This is certainly an effective means of improving instructors' qualifications but does not mean students get to interact with foreign faculty. KTU staggers the start dates of its program and is very flexible with regard to course scheduling. Course work takes 18 months to complete and an additional period (up to one year, self-paced) is devoted to a thesis hat follows KTU's stringent academic requirements. All work is in Lithuanian but graduates have the option of adding six months at Stetson University in Florida to earn that school's English-language M.B.A.

KTU's president, Robertas Jucevicius, says that his team is implementing an academic methodology tailored to the needs of Lithuanian business, with an emphasis on managerial intelligence, entrepreneurship and independent learning skills.

The school has just started a satellite executive M.B.A. program in Klaipeda with 25 participants. It will also tailor its program for a team of executives at a single company. Most recently, 25 execs at Ekranas AB received diplomas while working together on a strategy for international competitiveness over a two-year period. "The best thing about the program is that managers from very different areas learned to speak a single language," said Algis Karoblis, the company's human resources manager "This saves us a huge amount of time."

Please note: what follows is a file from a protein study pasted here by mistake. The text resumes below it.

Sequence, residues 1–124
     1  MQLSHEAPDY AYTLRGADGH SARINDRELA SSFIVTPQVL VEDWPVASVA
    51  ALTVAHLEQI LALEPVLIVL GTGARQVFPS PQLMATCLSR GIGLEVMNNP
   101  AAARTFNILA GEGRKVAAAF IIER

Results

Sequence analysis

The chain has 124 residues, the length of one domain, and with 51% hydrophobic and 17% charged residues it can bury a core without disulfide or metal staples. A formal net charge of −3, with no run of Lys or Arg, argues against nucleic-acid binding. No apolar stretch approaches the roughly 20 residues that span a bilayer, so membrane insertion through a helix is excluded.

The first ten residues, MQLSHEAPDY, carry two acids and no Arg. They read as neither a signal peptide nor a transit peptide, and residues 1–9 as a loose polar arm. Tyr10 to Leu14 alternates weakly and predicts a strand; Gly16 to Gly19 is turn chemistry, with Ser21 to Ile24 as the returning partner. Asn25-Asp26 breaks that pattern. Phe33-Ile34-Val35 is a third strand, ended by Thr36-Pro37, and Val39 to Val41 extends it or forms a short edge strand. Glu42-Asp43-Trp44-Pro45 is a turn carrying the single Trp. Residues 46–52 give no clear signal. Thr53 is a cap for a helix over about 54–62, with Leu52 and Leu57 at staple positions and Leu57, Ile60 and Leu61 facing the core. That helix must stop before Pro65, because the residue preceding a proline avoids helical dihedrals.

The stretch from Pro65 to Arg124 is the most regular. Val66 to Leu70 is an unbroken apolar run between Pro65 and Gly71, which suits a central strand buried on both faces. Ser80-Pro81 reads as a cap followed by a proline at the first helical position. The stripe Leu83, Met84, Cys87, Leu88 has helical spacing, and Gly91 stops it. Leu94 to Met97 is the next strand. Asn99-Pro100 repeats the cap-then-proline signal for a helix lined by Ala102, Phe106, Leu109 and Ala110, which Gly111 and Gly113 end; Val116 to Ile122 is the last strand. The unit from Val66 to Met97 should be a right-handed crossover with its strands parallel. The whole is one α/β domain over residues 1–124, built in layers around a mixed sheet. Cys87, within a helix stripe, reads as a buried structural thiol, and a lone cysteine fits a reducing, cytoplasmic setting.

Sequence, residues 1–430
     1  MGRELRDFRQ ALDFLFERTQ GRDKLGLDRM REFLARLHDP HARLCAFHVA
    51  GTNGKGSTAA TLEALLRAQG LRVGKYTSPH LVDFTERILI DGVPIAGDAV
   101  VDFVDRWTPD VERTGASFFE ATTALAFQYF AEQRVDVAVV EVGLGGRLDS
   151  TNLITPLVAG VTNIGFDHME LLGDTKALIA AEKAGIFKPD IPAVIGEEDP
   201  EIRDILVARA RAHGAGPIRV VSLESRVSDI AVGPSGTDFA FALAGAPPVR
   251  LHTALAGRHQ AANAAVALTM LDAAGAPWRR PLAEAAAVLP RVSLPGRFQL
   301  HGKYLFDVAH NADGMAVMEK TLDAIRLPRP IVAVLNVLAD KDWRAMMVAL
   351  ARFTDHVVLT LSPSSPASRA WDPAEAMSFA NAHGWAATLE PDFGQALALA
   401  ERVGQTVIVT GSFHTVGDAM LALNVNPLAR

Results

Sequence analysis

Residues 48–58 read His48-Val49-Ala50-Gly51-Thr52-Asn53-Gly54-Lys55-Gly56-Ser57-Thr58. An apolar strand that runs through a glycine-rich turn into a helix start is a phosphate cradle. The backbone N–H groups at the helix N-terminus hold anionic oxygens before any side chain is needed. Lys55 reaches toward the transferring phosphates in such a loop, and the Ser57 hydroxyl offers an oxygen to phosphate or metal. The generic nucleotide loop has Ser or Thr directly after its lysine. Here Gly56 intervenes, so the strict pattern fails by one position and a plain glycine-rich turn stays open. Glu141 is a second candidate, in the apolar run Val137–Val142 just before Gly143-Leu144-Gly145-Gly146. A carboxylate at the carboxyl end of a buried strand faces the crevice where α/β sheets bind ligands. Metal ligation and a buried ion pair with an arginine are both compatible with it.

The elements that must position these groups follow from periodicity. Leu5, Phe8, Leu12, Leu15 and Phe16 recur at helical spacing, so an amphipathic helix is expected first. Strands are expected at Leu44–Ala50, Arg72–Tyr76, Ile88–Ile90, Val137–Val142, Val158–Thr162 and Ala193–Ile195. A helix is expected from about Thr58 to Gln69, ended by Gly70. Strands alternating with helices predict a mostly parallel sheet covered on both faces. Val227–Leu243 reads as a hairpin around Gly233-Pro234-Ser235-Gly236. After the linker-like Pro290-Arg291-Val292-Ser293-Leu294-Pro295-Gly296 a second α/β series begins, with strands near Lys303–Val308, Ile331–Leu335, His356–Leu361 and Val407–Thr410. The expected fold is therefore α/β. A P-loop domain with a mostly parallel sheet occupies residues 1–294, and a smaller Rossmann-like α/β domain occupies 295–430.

Vytautas Magnus University

This state-financed university opened in 1989 to provide Kaunas with a school that is more oriented to liberal arts -under the Soviet central planning system the city was a technology hub. What this means is that the school has had ties with foreign business educators for almost 15 years and granted its first business degrees in 1993. The head of the business school, Pranas Zukauskas, can name a list of grads that sounds like a who's who in Lithuanian business. VMU maintains close ties to BMI (see above) and has its own Lithuanian-language executive M.B.A. program modeled along very similar lines; about 80 students enroll each year paying 12,000 litas (3,500 euros) for 18 months of study.